The performances are excellent and totally believable. The romantic and sexual encounters between Daniel and Kyril - which include full frontal nudity - are far more realistic and credible than anything seen in American film, gay or straight. The movie cleverly and without being overly preachy, examines the often-distraught interplay of sex, power and money with a breezy, almost comical attitude. There's also a fine sense of social detail, which cleverly examines the sometimes-uneasy communal relationship that has arisen between the older generation of Spanish and the newer European immigrants. But the film is mostly worth watching for Dritan Biba whom, as Kyril, absolutely smolders on screen - his sexual charisma and magnetism is undeniable and most viewers will probably completely understand why Daniel becomes incessantly besotted with him. Mike Leonard March 05.
A Gay Spanish Film that is All Parade and No Circus
Grady Harp | Los Angeles, CA United States | 10/24/2004
(3 out of 5 stars)
"BULGARIAN LOVERS, as a title, is a misnomer. Based on the successful novel by Eduardo Mendicutti and developed into a screenplay by director Eloy de la Iglesia and star actor Fernando Guillen Cuervo, this story is a combination of successful tales from many movies that in this particular film simply doesn't work.
Daniel (Fernando Guillen Cuervo) is a successful, closeted gay architect in Madrid whose only concession to his sexuality is his membership in a group of outrageous queens who stage underground parties, looking for love in all the wrong places. An influx of Eastern European men into Madrid looking for jobs and money to send home includes a group of hunky Bulgarians who offer meaningless sex to the queens in return for money. Daniel attaches himself to one of these handsome but shady characters Kyril (Dritan Biba) and soon is supplying Kyril with a roof over his/their head, money, gifts, and involvement in Kyril's criminal activities all in return for passionate sex.
The story of course is all about what we will do for 'love', and we can see from the beginning that Daniel will cross all barriers - even accompanying Kyril to Bulgaria for his marriage to his girlfriend Kalina (Anita Sinkovic) and the subsequent involvement with Kyril's mob activities. How Daniel extricates himself from Kyril's sexual hold and finds his way back to Madrid forms the caper-like plot that completes the movie.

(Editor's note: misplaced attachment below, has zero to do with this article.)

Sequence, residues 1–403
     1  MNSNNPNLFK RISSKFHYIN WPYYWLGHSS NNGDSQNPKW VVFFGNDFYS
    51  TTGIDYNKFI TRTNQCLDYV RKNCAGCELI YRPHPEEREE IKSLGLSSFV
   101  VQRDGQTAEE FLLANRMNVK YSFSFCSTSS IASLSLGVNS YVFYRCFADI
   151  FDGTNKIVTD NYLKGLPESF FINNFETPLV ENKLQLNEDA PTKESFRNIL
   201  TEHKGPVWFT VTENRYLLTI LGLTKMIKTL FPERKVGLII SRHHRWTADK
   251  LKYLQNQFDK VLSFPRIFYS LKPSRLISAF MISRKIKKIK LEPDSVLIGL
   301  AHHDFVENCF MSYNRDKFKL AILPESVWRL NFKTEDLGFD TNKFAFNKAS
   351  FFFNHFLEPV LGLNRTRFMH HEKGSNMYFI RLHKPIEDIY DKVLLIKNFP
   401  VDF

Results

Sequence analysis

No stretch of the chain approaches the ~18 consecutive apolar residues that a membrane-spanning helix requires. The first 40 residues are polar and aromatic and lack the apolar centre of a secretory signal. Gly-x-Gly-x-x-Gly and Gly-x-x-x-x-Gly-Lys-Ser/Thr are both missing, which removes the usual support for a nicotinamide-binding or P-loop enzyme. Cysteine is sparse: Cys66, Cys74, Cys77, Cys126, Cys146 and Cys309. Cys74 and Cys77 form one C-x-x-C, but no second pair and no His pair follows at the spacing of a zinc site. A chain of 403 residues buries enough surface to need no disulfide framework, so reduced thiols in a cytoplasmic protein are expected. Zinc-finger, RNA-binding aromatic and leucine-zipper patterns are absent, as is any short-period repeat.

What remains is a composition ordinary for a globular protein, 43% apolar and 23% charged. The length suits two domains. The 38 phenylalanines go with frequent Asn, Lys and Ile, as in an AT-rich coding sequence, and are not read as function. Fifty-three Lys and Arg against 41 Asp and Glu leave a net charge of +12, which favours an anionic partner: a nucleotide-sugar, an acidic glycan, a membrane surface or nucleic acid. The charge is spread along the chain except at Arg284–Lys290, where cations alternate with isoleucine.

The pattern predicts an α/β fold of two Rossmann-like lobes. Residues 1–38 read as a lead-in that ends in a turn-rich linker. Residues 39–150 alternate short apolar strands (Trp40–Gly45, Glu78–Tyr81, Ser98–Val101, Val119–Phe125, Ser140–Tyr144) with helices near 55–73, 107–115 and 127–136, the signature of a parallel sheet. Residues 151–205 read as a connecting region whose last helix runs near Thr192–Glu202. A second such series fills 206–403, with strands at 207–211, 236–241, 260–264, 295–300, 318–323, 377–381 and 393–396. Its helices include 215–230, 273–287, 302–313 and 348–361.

Though there are some interesting moments - and a lot of flaunting frontal male nudity from a cast worth observing - the film unfortunately falls into too many clichés: Daniel's friends are all over-the-top queens, there is the obligatory Kyril/Kalina straight love scene act, Daniel's motivation for his endlessly malinformed behavior goes beyond the quest for 'finding love', the ending is a starting all over again with Kyril's cousin coming on to Daniel...
Cuervo (memorable for his roles in 'Talk to Her' and 'The Greek Labyrinth', etc) does his best with a weak script, but then he DID co-write it. Not a bad film, but one that certainly could have been better with some judicious editing and less lingering over the obvious.
Amusing enough but severely flawed
Kardius | USA | 03/16/2006
(3 out of 5 stars)
"Based on a popular, but not very good, Spanish novel, this film tells the story of a Spanish middle-aged man's relationship with a hunky Bulgarian who's after his money and has a blonde girlfriend/wife. Unfortunately, the film is not as smart or witty as its makers seem to think it is. The filmmakers didn't seem to have a clear idea of what they wanted to do: a dark comedy, a sex romp, a witty commentary on Spanish gay male culture, a humorous gay melodrama a la Almodovar. Instead, you get a little bit of everything and most of it is not done particularly well.
Still, the two leads are attractive in their own ways, the plot, while preposterous and unnecessarily convoluted, is amusing, and there's more male frontal nudity than Americans are used to (although the film is far from being as graphic as the cover suggests and the few sex scenes are quite tame). And the stereotypes of the queeny middle-aged men and the hunky foreigners, while somewhat crude and even potentially offensive, are actually quite refreshing when compared to the boringly PC American gay movies."